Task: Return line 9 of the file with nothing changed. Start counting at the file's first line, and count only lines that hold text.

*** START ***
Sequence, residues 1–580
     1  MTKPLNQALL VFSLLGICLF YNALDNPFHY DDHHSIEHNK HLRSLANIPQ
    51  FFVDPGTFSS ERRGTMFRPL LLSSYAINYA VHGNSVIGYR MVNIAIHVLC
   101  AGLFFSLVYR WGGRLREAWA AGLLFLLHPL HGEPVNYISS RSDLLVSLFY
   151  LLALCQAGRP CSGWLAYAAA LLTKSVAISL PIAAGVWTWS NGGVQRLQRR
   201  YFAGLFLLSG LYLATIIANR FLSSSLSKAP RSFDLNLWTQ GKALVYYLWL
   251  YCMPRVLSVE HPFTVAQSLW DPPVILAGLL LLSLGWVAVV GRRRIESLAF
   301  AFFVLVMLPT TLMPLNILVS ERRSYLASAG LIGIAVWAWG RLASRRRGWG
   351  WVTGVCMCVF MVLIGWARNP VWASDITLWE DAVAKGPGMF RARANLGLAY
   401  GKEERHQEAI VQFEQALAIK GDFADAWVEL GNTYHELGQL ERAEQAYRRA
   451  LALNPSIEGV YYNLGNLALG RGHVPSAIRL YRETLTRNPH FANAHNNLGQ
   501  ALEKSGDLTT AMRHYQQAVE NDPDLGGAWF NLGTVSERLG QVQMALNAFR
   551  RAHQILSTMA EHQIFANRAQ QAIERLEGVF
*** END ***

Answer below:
   351  WVTGVCMCVF MVLIGWARNP VWASDITLWE DAVAKGPGMF RARANLGLAY